and lawman Frank Canton, were drawn to the gold rush, as were madam Mattie Silks, poet scout John “Captain Jack” Crawford and Indian fighter “Arizona Charlie” Meadows. Crawford, his goatee and long hair now snow white, sold ice cream out of the Wigwam, while Meadows impressed his saloon patrons by shooting little glass balls out of the hands of his dance hall girls, until the inevitable accident happened. These famous pioneers mingled with throngs of inexperienced men and women— schoolteachers, single mothers, bank tellers, seamen, basketball coaches—staking everything on this one shot to get rich. Sea captain Billy Moore, discoverer of the White Pass route, laid out Mooresville where the Skaguay River met the sea. But the crush of people overwhelmed him, and his mining claims were ignored. When the new city of Skagway platted a street through the middle of Moore’s home, the 74 year old came out swinging a crowbar before a mob subdued him. Young author Jack London found muddy streams serving as streets, lined with tents, huts and thrown up wooden structures. Gunfire filled the air, and prostitutes conducted business in full public view. North-West Mounted Police Superintendent Samuel Steele called Skagway “little better than a hell on earth.”

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The Rise and Fall Established by Carmack’s gold discovery site, Dawson grew from 500 in 1896 to 5,000 within six months. By 1898, the city had 20,000 people. Of the 100,000 who set out for the Klondike, only 4,000 found gold. And only 200 found enough to be considered rich. Locals dubbed them the “Klondike Kings.” A criminal element was drawn to these gold camps. Jefferson “Soapy” Smith led a vicious gang of confidence men, taking control of both Skagway and Wrangell, until gunfire brought an end to Soapy, literally. In contrast, Dawson was relatively safe, with 288 Northwest Mounted Policemen under Supt. Steele. Gambling and prostitution were permitted, as law enforcement focused on major crimes. Not one murder took place in Dawson. Steele also enforced a series of blue laws that included one ensuring nobody worked on Sundays, or else, they’d have to chop firewood for the Mounties. Genuine tales of wealth staggered the imagination. “Swiftwater” Bill Gates’s claim was literally knee deep in gold. Within two hours, Jim Tweed took $4,284 (roughly $160,000 today) from his claim. Frank Dinsmore found $24,489 ($722,000) in gold in one day. Albert Lancaster averaged $2,000 a day for eight weeks ($3.3 million). Sid Grauman saw his first movie in the Yukon; the money he and his father made entertaining the miners paid for their movie palaces in California, including the last one Sid built, the famous Chinese Theatre in T R U E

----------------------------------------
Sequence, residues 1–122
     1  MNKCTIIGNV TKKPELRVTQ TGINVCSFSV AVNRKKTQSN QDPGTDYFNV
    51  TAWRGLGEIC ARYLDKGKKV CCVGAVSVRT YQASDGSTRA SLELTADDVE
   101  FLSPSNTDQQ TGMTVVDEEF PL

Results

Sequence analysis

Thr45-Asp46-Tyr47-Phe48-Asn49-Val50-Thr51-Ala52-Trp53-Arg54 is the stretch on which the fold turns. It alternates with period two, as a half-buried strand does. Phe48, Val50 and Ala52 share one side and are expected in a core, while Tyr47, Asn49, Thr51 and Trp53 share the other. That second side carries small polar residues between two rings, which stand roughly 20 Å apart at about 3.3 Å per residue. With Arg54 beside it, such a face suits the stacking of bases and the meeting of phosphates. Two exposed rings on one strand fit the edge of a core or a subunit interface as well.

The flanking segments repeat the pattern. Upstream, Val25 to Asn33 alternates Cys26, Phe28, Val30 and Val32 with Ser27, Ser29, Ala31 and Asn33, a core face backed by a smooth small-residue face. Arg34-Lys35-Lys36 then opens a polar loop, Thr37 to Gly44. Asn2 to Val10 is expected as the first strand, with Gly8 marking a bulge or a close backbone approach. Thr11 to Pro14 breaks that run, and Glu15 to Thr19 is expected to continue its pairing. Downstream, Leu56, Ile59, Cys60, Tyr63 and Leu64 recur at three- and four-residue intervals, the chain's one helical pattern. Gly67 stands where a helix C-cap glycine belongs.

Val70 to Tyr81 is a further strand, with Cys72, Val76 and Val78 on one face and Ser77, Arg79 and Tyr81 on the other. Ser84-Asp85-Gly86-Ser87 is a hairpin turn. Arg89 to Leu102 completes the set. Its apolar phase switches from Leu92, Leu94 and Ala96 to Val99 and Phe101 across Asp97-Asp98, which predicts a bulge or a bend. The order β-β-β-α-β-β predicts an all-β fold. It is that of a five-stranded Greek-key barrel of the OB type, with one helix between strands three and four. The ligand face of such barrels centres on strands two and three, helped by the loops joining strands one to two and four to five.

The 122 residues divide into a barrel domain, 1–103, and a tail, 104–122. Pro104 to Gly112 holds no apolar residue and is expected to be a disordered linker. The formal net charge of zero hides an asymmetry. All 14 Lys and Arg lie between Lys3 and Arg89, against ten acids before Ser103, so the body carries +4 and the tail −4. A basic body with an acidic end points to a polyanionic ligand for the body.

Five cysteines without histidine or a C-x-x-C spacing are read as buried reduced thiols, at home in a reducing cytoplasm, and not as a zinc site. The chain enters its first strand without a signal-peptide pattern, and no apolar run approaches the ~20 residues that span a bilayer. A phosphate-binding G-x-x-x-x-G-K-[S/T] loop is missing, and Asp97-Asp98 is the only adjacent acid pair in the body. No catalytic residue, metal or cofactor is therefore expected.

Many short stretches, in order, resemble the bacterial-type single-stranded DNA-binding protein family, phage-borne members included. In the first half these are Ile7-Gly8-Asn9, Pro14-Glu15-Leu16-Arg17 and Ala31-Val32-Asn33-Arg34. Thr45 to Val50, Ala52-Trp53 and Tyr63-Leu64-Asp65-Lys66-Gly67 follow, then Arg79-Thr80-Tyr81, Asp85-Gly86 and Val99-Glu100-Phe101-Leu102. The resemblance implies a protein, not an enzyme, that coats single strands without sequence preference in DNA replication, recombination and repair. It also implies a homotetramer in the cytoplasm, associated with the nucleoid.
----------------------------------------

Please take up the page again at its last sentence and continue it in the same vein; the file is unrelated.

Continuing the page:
Los Angeles. Tom Lippy became a philanthropist, giving generously to the YMCA and donating land to expand Seattle General Hospital in Washington. Lying George Carmack invested in Seattle real estate and died wealthy. Dawson prostitute Silks made a fortune mining the miners; she returned to Colorado where she married a rancher. Lawman Rickard left Alaska with enough gold to acquire New York’s Madison Square Garden. Playwright Wilson Mizner helped build the Brown Derby into an iconic Los Angeles restaurant. Trump sold his hotel-restaurant in Whitehorse, returned to Germany to get married and then moved to New York, where his gold aided in real estate ventures. Actresses “Klondike Kate” Rockwell, “Diamond Tooth” Gertie Lovejoy and “Diamond Lil” Davenport made huge sums. Grace Drummond sold herself to Charlie Anderson for $50,000 (nearly $1.5 million); Gussie Lamore joined Gates for $30,000 (valued today at $884,000), a price determined by her weight in gold. Fate was not so kind to others. Charlie Anderson lost his fortune when a 1906 San Francisco earthquake and fire destroyed his real estate holdings. When he died in 1939, he was pushing a wheelbarrow as a day laborer. Antone Stander built Seattle’s Stander Hotel before liquidating his fortune in alcohol. Pat Galvin lost his fortune buying riverboats that sank.